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Page last updated at 08:26 GMT, Tuesday, 30 March 2010 09:26 UK

Hundreds join Chinese mine rescue effort

Rescuers arrive at the mine on 29 March 2010
Rescue teams are trying to drain water from the flooded mine

Nearly 1,000 rescuers are working around the clock to reach scores of coal miners trapped in a flooded pit in northern China, state media says.

But it could take them days before they reach the 153 miners.

A total of 261 people were in the mine in northern Shanxi province when water rushed in. More than 100 managed to escape but the rest were trapped.

Safety standards have improved over recent years, but China's mines are still the most deadly in the world.

The workers in this latest accident have been trapped since Sunday, but there are unconfirmed reports that water started to leak into Wangjialing mine a few days before.

Toxic gas

Additional pumps have now been taken to the state-run colliery - which is still under construction - to get rid of the water.

Rescuers have also started drilling a hole to open up a drainage channel to divert the flood water.

But water is not the only problem.

"The coal mine has a high concentration of gas. Rescuers have to face the danger of toxic gas, while fighting the water," Liu Dezheng, spokesman for the rescue effort, told the state-run Xinhua news agency.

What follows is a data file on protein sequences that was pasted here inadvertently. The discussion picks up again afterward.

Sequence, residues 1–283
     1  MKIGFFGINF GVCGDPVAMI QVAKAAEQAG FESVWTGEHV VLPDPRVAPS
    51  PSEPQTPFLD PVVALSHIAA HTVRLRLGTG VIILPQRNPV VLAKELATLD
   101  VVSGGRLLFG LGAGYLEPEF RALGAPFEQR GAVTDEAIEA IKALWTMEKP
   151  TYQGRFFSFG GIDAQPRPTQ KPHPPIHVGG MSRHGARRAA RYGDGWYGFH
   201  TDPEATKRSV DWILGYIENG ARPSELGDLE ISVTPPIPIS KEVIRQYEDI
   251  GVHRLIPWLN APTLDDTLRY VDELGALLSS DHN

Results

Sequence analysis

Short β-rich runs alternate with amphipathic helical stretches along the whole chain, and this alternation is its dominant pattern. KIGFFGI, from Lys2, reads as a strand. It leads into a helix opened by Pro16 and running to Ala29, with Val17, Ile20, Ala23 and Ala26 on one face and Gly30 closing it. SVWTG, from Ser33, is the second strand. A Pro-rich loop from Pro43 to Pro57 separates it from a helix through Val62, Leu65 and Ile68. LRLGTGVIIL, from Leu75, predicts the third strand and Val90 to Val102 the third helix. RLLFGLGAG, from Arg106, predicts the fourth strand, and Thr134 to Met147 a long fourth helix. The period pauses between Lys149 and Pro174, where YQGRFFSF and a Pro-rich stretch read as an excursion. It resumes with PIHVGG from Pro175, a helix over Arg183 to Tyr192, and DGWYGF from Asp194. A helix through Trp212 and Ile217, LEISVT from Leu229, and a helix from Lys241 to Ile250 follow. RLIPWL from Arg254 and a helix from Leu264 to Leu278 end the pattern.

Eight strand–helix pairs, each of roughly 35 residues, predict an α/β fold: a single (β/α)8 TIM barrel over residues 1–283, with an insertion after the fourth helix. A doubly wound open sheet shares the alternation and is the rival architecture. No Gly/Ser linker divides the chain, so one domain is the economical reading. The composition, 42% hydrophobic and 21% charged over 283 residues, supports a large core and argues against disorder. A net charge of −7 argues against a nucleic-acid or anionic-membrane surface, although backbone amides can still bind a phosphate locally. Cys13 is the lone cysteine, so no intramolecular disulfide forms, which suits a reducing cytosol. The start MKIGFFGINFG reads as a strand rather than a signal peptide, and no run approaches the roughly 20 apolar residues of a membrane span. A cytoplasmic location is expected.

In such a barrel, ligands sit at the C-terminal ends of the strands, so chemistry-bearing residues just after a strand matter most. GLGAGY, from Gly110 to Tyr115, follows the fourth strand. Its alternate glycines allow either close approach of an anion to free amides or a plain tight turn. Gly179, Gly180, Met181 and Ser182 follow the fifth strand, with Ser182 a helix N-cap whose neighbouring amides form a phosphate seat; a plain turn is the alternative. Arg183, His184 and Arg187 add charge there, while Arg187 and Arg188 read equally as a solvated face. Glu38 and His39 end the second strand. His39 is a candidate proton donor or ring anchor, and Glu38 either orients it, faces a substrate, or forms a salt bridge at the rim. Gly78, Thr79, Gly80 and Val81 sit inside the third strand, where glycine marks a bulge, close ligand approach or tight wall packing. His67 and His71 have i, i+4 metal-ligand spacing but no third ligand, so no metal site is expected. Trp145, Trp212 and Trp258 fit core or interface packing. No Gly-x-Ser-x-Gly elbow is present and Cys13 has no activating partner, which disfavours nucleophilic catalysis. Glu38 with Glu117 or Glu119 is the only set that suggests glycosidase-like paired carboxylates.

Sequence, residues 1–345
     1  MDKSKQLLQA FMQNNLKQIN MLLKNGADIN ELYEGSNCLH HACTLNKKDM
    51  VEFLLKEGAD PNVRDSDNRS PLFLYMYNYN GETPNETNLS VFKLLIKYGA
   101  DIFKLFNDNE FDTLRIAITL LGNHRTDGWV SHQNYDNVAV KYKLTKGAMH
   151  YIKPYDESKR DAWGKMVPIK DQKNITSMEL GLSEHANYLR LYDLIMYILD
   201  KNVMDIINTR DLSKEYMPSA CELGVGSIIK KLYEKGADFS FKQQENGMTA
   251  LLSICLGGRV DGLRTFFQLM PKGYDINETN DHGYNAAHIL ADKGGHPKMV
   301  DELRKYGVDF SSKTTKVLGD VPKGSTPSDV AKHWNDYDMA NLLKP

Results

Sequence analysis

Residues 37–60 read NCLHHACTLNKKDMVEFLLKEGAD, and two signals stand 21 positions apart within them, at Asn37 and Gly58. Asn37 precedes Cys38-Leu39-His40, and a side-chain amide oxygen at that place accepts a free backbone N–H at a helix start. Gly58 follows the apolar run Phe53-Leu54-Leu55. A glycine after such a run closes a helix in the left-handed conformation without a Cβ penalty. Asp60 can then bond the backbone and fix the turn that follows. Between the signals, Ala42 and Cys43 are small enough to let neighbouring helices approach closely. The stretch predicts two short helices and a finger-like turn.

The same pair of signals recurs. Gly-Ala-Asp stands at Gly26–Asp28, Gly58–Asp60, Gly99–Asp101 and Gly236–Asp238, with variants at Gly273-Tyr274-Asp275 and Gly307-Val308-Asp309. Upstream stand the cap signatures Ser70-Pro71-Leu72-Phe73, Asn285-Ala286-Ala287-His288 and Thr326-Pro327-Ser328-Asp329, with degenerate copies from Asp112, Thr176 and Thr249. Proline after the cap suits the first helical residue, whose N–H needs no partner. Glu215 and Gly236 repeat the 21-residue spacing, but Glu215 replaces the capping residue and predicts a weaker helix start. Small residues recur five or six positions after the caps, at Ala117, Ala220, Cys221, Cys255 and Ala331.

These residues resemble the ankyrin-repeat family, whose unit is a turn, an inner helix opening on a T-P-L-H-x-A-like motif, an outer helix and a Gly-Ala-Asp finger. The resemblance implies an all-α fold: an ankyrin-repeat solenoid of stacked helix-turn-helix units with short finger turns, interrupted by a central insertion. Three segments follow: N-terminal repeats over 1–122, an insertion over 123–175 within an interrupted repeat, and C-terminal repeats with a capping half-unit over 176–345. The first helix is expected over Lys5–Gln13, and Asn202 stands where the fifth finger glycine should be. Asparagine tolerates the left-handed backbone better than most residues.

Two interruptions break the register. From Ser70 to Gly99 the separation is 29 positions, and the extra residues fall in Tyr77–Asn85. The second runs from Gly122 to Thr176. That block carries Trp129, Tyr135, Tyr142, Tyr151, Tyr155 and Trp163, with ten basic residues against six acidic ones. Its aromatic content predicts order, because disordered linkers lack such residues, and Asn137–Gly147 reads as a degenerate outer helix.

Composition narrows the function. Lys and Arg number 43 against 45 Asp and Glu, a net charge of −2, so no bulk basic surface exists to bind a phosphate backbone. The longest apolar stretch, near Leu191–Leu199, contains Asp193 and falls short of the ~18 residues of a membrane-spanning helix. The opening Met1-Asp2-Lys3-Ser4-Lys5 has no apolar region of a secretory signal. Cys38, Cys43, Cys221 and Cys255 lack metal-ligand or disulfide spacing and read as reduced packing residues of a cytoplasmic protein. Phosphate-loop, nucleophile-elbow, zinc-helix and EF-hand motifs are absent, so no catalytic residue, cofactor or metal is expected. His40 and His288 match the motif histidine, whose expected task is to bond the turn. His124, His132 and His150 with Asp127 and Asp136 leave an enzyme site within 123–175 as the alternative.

No one knows for sure if the miners, thought to be trapped in a number of underground locations, are dead or alive.

President Hu Jintao and Premier Wen Jiabao ordered local authorities to spare no effort to save them, Xinhua said.

The mine covers 180 sq/km (70 sq miles).

Most of those trapped in the shafts are migrant workers from Shanxi, Hebei, Hunan and Guizhou provinces, a rescuer said, quoted by Xinhua.

As rescue efforts continued, Xinhua announced that two workers trapped in another flooded mine, in Henan province, were pulled out alive on Tuesday - eight days after their mine was inundated

But earlier this month rescue efforts for 31 miners trapped when a coal mine flooded in the Inner Mongolia region of China were halted after two weeks when no sign of life was found.

According to official figures, 2,631 coal miners died in 1,616 mine accidents in China in 2009, down 18% from the previous year.



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